"Bird Flu" Terminology and Changes to Influenza A Viruses and Related Headings
The phrase "bird flu" has become prevalent in the professional literature and especially in the public print media. Major difficulties with this expression exist, largely because it is ambiguous, and because all influenza A viruses have a host in birds. The expression is not always used consistently by authors: sometimes it (correctly) describes the disease in birds, while other times it refers to a disease and potential pandemic in humans. Therefore the 2006 Medical Subject Headings (MeSH®) have been refined to allow easier and more consistent indexing and search retrieval for this subject area.
The MeSH section has created eight new influenza A virus headings and deleted three older ones. The deleted headings are INFLUENZA A VIRUS, AVIAN; INFLUENZA A VIRUS, HUMAN; and INFLUENZA A VIRUS, PORCINE. The new headings describe the most frequently mentioned viral subtypes.Influenza A virus B04.820.545.405.400
Influenza A Virus, H1N1 Subtype B04.820.545.405.400.214
Influenza A Virus, H2N2 Subtype B04.820.545.405.400.250
Influenza A Virus, H3N2 Subtype B04.820.545.405.400.300
Influenza A Virus, H3N8 Subtype B04.820.545.405.400.350
Influenza A Virus, H5N1 Subtype B04.820.545.405.400.500
Influenza A Virus, H5N2 Subtype B04.820.545.405.400.505
Influenza A Virus, H7N7 Subtype B04.820.545.405.400.700
Influenza A Virus, H9N2 Subtype B04.820.545.405.400.900
Changes have also been made to the corresponding disease headings. INFLUENZA is now called INFLUENZA, HUMAN (entry term = INFLUENZA IN HUMANS) and INFLUENZA, AVIAN is now called INFLUENZA IN BIRDS. Both changes are intended to more explicitly convey the intended meaning of each heading.
If an article on "bird flu in humans" refers to the subtype H5N1 (the subtype that is the current source of much attention, and that is generating speculation of a possible pandemic), the indexing will be:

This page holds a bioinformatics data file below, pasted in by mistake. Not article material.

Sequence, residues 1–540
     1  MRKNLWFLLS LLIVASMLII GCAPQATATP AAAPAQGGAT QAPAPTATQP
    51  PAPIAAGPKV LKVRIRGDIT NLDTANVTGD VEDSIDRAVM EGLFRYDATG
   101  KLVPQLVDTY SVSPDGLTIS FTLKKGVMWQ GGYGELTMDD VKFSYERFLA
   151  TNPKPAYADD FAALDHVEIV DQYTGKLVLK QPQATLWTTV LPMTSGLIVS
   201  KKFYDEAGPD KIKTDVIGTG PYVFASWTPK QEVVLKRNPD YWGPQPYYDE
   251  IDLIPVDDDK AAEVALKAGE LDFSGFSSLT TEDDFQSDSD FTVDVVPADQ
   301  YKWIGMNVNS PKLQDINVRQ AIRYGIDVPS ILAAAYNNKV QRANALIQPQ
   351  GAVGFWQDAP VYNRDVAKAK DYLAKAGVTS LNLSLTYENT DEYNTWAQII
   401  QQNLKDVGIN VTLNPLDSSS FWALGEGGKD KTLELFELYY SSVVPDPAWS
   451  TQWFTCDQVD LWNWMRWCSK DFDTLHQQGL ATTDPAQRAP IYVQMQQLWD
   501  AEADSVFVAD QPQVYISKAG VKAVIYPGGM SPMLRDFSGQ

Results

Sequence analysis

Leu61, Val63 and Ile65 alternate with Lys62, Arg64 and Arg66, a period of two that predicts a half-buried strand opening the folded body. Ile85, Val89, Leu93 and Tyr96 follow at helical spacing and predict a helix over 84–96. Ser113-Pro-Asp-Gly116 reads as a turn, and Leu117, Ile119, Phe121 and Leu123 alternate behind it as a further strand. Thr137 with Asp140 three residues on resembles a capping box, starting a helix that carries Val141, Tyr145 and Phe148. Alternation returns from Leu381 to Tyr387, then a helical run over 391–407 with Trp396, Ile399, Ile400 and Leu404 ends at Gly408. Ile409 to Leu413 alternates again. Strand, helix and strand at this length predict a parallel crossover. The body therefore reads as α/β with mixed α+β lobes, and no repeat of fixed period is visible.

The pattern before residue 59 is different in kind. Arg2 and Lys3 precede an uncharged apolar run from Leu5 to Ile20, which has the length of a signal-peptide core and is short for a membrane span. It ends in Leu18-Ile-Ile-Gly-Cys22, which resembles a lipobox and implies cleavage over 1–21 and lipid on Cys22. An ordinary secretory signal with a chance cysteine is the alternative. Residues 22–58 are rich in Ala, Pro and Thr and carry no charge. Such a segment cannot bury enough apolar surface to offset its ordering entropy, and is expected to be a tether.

INFLUENZA, HUMAN + INFLUENZA A VIRUS, H5N1 SUBTYPE + HUMANS
Indexing of articles on "bird flu in birds" with a discussion of the subtype will be similar:
INFLUENZA IN BIRDS + INFLUENZA A VIRUS, H5N1 SUBTYPE + BIRDS (or specifics)
Some articles with "bird flu" in the title include no discussion of a specific virus at all. Such articles are often about the general probability of an upcoming human influenza pandemic and its prevention and control. Indexing for such articles will include:
INFLUENZA, HUMAN + HUMANS (and possibly DISEASE OUTBREAKS
(entry term = PANDEMICS); QUARANTINE; PATIENT ISOLATION; or
INTERNATIONAL COOPERATION; if these concepts are substantively discussed).
The 2006 MeSH translation table in PubMed (used to map phrases in search queries to MeSH headings) will map "bird flu" to both INFLUENZA IN BIRDS and INFLUENZA, HUMAN. This practice is common with ambiguous terms.
Searchers may also consider using
bird flu [tiab]
in their strategy to retrieve articles that are about a potential pandemic in humans, but do not include a substantive discussion of a specific virus or the disease in birds.
Savage A. "Bird Flu" Terminology and Changes to Influenza A Viruses and Related Headings. 2005 Nov-Dec; (347):e10.